The incumbents are widely respected and a credit to our courtsOf all the items on the Oregon primary election ballot, the choices that are the most opaque are the election of judges. Unless we are lawyers, very few of us have an insight into the appellate courts.
On the ballot that you will receive this weekend, there are three contested judicial races: Two for the Oregon Supreme Court and one for the state Court of Appeals.
Supreme Court Justice William Riggs is challenged by Circuit Court Judge Rudy Murgo of Pendleton. Supreme Court Justice Rives Kissler is challenged by lawyer James E. Leuenberger. And appeals court Judge Robert Wollheim is challenged by Bend lawyer Phil Brockett.
Riggs is completing his first term on the state's high court. Prior to that he was a Multnomah County Circuit Court judge for ten years. Murgo's main argument for his election is that Eastern Oregon ought to have representation on the Supreme Court.
Rives Kissler was appointed to the high court by Gov. Ted Kulongoski after serving as a court of appeals judge for four years. His appointment gained headlines because he is the first openly gay supreme court judge. Leuenberger's candidacy seems to be largely motivated by that fact. Leuenberger has been attorney to Lon Mabon of the Oregon Citizens Alliance. Most of Leuenberger's experience was gained in Idaho, where he was a deputy attorney general.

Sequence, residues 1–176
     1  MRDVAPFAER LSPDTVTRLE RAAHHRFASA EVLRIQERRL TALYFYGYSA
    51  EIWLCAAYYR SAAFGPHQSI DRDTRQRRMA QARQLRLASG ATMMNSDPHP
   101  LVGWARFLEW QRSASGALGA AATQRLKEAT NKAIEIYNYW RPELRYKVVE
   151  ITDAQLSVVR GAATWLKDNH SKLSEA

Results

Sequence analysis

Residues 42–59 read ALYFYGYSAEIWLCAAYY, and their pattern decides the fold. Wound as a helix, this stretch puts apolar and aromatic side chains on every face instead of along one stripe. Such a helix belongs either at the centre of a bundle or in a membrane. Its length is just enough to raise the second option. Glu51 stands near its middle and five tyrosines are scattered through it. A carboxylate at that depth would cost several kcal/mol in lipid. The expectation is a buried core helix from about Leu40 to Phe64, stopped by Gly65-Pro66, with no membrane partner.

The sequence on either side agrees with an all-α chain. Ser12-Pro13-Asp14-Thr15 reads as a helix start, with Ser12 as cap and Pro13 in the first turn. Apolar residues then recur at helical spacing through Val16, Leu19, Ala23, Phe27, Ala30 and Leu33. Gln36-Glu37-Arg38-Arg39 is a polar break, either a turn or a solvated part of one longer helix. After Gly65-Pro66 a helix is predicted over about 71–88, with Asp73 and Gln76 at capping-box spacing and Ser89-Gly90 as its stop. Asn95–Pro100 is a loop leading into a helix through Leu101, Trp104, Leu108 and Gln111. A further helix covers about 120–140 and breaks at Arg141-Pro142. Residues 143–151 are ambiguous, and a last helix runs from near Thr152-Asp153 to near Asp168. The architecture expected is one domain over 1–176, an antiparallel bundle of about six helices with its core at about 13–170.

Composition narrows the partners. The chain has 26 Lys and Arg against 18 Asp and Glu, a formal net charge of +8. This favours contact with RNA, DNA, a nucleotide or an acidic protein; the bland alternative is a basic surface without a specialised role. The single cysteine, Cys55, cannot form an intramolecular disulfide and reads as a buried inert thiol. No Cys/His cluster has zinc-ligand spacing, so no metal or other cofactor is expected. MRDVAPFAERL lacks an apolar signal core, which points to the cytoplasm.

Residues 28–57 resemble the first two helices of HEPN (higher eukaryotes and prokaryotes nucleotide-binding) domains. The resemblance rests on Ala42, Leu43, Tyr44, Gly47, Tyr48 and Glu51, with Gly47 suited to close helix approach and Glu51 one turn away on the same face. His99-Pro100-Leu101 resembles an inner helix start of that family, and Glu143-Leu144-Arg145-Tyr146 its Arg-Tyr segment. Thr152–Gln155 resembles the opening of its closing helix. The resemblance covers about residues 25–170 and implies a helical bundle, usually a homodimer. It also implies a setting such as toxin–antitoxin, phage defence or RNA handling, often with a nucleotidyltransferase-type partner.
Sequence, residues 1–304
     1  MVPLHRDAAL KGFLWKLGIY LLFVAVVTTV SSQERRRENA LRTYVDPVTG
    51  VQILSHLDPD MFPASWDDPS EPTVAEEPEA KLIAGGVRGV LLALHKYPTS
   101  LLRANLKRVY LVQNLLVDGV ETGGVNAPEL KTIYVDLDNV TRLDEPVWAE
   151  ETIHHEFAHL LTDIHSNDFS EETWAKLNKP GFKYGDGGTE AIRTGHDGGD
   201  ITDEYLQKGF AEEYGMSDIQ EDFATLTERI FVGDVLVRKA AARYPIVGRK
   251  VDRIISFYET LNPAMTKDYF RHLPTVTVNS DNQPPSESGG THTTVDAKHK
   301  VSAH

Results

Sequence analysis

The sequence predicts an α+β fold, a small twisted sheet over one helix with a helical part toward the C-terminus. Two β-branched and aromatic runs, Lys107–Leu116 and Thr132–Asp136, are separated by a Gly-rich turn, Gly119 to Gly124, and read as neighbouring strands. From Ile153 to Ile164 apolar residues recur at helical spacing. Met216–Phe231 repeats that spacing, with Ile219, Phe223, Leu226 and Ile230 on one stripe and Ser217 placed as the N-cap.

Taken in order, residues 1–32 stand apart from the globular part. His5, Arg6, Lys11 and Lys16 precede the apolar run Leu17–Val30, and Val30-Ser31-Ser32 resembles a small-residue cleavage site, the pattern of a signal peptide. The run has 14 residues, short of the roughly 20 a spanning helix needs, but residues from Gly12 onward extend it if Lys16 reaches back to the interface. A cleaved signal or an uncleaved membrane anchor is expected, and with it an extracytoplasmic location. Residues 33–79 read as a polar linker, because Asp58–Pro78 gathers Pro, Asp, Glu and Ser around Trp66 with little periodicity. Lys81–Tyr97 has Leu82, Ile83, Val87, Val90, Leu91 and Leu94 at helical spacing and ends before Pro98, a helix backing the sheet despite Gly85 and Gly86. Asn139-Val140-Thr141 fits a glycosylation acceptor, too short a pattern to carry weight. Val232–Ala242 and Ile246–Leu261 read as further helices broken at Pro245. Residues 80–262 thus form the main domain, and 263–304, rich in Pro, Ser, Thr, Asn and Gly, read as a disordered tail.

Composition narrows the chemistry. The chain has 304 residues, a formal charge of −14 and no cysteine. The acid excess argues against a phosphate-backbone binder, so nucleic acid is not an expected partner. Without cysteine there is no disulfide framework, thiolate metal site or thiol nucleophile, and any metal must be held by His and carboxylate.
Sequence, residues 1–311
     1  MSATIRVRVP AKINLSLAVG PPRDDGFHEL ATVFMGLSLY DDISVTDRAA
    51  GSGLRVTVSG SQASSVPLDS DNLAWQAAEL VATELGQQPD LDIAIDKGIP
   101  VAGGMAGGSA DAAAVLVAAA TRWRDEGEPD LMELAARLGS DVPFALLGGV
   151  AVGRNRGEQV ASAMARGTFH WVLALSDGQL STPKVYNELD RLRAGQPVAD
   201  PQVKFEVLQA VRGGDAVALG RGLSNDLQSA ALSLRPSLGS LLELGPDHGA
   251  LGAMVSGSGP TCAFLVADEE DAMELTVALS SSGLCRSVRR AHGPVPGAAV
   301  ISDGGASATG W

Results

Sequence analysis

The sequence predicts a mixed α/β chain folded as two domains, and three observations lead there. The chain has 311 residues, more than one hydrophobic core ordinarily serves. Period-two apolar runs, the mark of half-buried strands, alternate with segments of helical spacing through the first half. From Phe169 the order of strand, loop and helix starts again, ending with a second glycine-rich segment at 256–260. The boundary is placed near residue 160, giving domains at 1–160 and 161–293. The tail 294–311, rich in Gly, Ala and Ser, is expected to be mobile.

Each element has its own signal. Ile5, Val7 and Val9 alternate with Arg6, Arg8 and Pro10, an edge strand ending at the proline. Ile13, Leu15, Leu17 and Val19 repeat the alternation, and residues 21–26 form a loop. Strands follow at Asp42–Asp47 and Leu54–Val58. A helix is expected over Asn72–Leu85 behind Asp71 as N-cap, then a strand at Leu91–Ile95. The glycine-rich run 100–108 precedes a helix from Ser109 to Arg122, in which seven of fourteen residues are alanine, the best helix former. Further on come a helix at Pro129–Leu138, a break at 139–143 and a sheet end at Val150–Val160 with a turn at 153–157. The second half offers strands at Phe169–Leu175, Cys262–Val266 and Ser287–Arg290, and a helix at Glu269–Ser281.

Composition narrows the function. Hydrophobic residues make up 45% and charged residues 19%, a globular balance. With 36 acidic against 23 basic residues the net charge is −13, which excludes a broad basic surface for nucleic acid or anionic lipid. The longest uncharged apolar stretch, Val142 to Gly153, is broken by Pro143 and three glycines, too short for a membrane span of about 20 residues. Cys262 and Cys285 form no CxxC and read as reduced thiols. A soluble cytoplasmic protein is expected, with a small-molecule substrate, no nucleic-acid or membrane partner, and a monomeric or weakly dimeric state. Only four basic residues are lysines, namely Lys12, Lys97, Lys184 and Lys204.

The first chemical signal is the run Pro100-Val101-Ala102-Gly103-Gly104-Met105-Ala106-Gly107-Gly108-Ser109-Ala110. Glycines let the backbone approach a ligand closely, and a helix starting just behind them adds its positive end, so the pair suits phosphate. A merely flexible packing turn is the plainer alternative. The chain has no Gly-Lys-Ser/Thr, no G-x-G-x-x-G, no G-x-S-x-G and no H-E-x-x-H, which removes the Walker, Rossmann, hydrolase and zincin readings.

Justice Kissler describes himself as a "conservative" jurist. His devotion to public service is unabashed. Significantly, Kissler's reelection is endorsed by the Association of Oregon District Attorneys and Crime Victims United.
Judge Wollheim's major concern is access to the courts. "Winning matters," he says, "But more important is the right to be heard." He is widely endorsed by other jurists and lawyers. His challenger, Phil Brockett, is an intelligent lawyer and has a broad background in corporate law.
We urge the reelection of justices Riggs and Kissler and Judge Wollheim. These are all highly competent jurists. They are a credit to our state and its judicial branch.